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Lithuanian economy growth stalled in the first quarter

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Staff writer ▼ | April 22, 2015
Lithuanian economy growth most likely stalled in the first quarter this year, nevertheless, Swedbank said it leaves unchanged its gross domestic product (GDP) projections for 2015 and next year.
Lithuania
Swedbank   Lithuania will expand 2.3 percent
The Baltic country's GDP will expand 2.3 percent this year and advance by 3.5 percent in 2016, Swedbank said in its updated forecast.

Declining exports, particularly to Russia, the setback in real property market and falling short from projected budget revenues were among the most significant economic problems in the first quarter, the bank stated.

Nevertheless, all these developments were not unexpected and should not last a longer term, analysts of the bank suggest.

Lithuanian exports to Russia contracted by 34.7 percent in January and February, exports to other CIS markets, such as Belarus and Ukraine, also fell, Swedbank said.

Exports of Lithuanian origin goods shrank back to the level of 2011 in the first two months this year, however, analysts believe it does not point to major problems in the country's economy as a whole.

"We can observe rapid increase of exports to the EU, particularly to Ireland, Denmark, France, Germany and Poland," Nerijus Maciulis, chief economist at Swedbank in Vilnius, was quoted as saying in the statement.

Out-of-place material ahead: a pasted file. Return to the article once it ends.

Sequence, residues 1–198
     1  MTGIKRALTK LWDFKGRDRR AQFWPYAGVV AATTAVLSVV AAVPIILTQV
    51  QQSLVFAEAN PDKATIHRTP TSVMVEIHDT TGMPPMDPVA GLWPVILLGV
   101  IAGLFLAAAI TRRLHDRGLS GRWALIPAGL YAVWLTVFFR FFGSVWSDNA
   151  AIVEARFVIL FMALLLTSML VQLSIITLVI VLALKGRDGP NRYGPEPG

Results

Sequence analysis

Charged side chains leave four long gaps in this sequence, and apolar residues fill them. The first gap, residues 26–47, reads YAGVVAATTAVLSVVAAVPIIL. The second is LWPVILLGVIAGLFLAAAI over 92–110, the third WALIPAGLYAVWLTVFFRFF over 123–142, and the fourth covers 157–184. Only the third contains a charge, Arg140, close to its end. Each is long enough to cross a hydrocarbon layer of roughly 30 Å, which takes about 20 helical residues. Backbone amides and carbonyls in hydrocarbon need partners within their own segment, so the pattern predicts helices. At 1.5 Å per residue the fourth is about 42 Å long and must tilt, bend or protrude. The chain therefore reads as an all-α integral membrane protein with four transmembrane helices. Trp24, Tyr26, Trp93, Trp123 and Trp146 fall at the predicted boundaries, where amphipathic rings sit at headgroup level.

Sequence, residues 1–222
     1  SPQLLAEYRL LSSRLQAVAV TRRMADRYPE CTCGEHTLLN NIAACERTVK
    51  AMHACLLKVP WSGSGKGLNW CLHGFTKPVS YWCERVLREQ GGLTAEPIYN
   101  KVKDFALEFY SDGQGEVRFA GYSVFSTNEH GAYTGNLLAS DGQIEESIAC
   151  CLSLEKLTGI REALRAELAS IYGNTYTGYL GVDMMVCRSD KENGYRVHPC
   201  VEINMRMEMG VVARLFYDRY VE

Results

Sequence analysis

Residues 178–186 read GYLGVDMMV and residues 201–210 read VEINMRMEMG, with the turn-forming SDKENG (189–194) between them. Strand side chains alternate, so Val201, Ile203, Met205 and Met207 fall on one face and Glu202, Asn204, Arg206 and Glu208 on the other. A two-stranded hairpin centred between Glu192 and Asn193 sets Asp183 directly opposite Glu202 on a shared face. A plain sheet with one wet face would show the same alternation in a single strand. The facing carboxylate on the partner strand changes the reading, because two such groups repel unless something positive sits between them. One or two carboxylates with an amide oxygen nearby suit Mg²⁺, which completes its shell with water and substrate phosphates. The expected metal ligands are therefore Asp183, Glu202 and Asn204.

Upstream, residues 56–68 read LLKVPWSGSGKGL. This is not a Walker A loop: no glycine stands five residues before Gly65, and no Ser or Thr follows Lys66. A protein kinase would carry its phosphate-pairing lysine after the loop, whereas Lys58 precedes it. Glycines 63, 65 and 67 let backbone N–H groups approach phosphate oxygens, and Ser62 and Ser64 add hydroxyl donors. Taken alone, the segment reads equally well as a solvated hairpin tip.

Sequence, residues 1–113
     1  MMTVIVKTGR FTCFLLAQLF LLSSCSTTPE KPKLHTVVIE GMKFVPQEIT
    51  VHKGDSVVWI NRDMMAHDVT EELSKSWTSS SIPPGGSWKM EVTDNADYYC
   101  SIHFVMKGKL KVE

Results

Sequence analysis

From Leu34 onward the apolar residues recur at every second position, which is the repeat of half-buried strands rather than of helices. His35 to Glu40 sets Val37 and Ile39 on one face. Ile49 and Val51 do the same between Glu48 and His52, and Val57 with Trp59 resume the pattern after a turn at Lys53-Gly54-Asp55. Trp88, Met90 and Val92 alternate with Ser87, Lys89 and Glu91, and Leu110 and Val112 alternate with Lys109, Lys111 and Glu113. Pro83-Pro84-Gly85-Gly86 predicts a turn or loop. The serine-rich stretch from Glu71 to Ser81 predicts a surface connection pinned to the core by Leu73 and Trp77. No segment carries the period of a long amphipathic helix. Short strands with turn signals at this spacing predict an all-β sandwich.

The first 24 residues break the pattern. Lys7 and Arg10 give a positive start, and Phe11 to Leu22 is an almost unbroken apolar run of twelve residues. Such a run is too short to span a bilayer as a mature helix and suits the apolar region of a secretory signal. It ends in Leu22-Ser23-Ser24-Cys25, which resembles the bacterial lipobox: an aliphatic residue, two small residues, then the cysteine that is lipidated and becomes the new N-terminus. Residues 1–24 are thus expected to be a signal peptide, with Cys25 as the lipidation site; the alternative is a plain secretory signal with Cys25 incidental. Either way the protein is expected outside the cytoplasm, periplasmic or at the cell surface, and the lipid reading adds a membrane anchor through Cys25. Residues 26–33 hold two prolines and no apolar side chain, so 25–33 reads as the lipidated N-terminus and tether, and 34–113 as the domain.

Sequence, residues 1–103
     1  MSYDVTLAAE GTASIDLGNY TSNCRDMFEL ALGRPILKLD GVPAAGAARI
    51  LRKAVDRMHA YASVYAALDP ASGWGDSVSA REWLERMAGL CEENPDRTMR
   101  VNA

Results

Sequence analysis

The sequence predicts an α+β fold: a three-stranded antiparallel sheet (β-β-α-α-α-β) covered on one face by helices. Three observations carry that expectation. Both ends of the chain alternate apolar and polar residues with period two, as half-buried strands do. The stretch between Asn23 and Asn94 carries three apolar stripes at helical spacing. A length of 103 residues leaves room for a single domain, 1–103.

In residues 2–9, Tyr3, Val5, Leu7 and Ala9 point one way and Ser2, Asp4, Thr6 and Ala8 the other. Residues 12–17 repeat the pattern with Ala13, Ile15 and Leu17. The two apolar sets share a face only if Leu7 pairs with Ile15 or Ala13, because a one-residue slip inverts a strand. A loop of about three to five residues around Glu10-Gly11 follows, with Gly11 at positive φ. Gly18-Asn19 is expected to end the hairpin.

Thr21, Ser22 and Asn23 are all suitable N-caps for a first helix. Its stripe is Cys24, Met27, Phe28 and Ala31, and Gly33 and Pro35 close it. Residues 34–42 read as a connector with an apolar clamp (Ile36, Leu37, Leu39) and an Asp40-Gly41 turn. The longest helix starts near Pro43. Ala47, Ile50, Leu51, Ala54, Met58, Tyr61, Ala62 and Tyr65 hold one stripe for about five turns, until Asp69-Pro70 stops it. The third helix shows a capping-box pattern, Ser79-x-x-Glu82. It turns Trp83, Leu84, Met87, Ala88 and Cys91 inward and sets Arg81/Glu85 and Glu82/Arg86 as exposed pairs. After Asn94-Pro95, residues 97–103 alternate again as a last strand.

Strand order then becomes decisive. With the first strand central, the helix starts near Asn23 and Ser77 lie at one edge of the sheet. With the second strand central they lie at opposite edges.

According to him, recovery across the currency region gathers pace which should increase Lithuanian exports to many of the EU markets.

Positive trends in foreign trade will become more remarkable in the second half of this year and will gain momentum in 2016, when, according to projections, the euro zone's GDP will expand by 1.9 percent and Russian economy will stabilize, Swedbank noted.

Lithuanian government and businesses have been striving recently for diversifying of exports, targeting more distant markets such as middle or Far East.

Algirdas Butkevicius, the country's Prime Minister, underlined that Lithuania has succeeded in strengthening its economic diplomacy and introducing Lithuanian production to wider foreign markets.

"We need to create new connections and build routes towards growing Middle and Far East regions," said Butkevicius during the event on Tuesday, organized by Lithuanian Confederation of Industrialists.

Last month, the International Monetary Fund (IMF) revised downwards Lithuanian GDP growth to 2.8 percent this year, from 3.3 projected last October.

The ministry of finance and the central bank of Lithuania expect Lithuanian GDP to grow by 2.5 percent and 2.7 percent this year respectively.


 

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